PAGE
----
If you are a member of the United Methodist Church, you are likely already aware of the conflicts and divisions within the denomination. If not, a quick internet search may lead to you to blogs, articles, news reports and Twitter feeds about our wrestling with how to be a single denomination while holding differing views on human sexuality. I am a United Methodist clergyperson, so I’ve been paying attention to these developments.
One of my preferred sources for reading is the blog UM & Global, which is written by staff of our mission agency, the General Board of Global Ministries, and members of United Methodist Professors of Mission. These two groups have an intentional relationship to deepen conversations around issues in the practice of mission and in the United Methodist Church. By reading this blog, I am challenged to think about my denomination and its work in mission, and turn my focus away from division and toward unity in mission. This heartens my soul because one of my favorite scripture passages is John 13:34-35: “I give you a new commandment, that you love one another. Just as I have loved you, you also should love one another. By this everyone will know that you are my disciples, if you have love for one another.”
The UM & Global blog has a new series of posts titled #MyHope4Methodism. Authors share their perspectives on the future of the global United Methodist Church and other Methodist churches around the world. Last week, Dr. Robert Hunt wrote that his hope for Methodism requires an understanding of the church as inter-cultural rather than international. He asserts that the mission of the United Methodist Church must include “the cultivation of a pragmatic inter-cultural dialogue on the meaning of the claim that Jesus is the Christ in relation to God’s Reign.”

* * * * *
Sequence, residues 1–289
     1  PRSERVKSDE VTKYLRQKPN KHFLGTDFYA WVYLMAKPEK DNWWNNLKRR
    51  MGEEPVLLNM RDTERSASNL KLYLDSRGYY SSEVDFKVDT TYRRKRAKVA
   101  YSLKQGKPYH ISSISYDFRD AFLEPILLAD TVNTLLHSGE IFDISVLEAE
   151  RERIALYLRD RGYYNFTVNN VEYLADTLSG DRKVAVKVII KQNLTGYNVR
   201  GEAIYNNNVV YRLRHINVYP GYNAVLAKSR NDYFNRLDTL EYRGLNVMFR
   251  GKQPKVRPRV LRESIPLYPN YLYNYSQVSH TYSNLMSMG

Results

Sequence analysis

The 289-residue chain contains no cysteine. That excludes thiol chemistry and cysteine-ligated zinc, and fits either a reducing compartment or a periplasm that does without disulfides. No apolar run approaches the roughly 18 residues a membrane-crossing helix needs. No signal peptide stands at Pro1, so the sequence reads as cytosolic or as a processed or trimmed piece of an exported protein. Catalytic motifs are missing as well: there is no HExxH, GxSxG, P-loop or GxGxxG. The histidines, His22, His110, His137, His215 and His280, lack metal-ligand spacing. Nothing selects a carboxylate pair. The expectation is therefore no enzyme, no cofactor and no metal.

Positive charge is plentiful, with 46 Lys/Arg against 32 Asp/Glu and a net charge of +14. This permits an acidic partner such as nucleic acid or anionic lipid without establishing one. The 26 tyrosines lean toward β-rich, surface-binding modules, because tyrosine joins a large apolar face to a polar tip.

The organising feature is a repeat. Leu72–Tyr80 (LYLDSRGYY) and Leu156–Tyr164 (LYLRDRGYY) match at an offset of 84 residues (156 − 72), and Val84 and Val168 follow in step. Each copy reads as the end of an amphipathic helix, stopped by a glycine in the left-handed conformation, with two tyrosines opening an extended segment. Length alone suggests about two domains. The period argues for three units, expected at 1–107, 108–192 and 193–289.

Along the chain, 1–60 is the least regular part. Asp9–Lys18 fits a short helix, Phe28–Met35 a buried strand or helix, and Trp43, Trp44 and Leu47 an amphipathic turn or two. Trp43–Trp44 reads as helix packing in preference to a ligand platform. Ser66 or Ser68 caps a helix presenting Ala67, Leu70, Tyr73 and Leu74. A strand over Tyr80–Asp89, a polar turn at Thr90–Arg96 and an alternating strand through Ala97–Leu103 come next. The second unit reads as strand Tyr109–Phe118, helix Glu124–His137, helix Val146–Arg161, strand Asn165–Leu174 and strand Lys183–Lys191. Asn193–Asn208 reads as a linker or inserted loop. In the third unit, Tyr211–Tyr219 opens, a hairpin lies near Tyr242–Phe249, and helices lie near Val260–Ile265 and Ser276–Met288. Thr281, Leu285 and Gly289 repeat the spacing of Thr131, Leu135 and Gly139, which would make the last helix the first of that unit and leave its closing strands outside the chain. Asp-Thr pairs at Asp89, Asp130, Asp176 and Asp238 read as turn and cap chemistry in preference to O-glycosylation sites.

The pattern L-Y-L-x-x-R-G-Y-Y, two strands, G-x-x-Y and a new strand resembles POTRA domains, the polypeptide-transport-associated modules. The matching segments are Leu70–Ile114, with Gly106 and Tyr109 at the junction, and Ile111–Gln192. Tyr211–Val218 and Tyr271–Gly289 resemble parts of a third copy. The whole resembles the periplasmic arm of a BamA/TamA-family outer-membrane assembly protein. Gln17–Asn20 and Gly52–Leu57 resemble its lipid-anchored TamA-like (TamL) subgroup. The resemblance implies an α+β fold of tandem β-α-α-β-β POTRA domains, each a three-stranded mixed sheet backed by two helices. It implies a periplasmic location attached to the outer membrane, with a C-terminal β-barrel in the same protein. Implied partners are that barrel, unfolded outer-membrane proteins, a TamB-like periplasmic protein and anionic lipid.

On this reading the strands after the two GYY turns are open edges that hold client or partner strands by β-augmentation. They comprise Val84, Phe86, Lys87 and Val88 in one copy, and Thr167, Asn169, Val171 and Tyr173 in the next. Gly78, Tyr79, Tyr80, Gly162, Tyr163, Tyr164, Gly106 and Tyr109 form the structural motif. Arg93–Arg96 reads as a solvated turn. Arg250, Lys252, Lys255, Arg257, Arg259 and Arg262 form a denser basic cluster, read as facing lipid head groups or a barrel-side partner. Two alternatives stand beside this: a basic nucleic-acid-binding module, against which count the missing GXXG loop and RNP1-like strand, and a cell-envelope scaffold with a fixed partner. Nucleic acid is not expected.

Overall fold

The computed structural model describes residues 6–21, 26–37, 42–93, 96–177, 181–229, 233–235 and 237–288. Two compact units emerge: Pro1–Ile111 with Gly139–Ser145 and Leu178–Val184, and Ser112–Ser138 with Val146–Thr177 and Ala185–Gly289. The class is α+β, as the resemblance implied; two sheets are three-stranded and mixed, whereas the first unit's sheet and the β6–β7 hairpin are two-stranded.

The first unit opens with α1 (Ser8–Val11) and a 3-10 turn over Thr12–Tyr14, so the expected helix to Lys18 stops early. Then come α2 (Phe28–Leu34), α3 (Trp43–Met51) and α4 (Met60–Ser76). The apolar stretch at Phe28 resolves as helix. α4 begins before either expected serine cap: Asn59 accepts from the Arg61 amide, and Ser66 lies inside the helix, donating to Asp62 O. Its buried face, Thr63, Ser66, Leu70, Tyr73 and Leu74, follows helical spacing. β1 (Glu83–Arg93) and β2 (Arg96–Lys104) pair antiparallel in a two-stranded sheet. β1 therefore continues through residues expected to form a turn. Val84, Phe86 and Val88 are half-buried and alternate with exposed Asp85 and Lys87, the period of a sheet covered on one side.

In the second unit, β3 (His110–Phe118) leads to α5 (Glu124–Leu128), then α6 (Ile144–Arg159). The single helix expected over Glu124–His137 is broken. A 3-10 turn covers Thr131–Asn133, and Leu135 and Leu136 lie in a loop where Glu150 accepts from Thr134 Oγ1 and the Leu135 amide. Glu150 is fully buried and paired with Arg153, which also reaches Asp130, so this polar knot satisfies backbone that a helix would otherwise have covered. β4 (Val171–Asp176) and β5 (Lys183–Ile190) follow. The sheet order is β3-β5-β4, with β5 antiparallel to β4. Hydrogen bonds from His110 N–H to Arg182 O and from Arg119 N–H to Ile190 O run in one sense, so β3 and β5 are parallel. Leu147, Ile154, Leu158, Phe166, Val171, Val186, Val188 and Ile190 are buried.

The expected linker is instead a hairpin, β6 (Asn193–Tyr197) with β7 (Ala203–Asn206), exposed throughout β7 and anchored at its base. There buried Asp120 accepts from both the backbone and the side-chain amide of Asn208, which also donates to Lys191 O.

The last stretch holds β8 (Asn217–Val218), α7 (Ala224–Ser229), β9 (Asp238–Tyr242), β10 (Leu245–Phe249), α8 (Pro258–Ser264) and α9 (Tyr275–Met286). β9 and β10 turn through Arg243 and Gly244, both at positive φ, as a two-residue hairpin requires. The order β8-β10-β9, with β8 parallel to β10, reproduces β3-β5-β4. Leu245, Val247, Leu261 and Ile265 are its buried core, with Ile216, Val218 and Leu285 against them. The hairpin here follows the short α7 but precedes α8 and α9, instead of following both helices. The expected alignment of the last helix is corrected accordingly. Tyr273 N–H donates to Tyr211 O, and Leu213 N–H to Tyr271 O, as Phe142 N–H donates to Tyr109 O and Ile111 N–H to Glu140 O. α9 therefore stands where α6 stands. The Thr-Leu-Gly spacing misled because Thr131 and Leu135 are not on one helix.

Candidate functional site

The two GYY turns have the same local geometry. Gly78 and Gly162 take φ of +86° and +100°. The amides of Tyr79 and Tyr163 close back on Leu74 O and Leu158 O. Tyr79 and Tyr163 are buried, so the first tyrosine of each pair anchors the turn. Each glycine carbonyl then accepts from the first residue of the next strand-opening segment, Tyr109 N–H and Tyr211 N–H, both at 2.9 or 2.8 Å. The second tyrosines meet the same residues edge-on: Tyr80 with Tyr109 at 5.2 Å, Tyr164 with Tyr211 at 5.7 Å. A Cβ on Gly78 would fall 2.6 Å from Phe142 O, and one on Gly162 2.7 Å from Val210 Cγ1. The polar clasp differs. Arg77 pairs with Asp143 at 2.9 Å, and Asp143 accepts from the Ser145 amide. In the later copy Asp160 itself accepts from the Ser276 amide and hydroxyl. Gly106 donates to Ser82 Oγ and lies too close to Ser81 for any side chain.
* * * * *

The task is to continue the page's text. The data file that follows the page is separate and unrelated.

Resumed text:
Cross-Cultural Without Leaving the Country
One comment I’ve heard many times from United Methodist volunteers is that the mission trip isn’t really about the work. The work is always helpful to those in need, but volunteers in mission recognize that what is most important is being present with those who are suffering after a natural disaster or who are struggling in an economically depressed region. What is most important is listening to the other person. What is most important is living into the new commandment of Christ – loving one another as Christ loved us.
Volunteers in mission also point out that loving one another in the context of mission isn’t always easy. Some groups have excellent training before their trip and are equipped when faced with the different cultures across the U.S. Some groups are challenged when faced with people who live in ways that seem “wrong” or may struggle to quiet the voices of judgment in their minds. There are cultural differences within the United States, and when we plan a short-term mission trip it is important to prepare our hearts and minds for the encounter. Dr. Hunt’s assertion that we “cultivate a pragmatic inter-cultural dialogue” means for short-term mission that we are intentional about the cultural differences, that we learn about ourselves and our fellow disciples we go to serve SO THAT we can learn together more deeply about the love of God through Jesus Christ.
Read more about #MyHope4Methodism here: http://www.umglobal.org/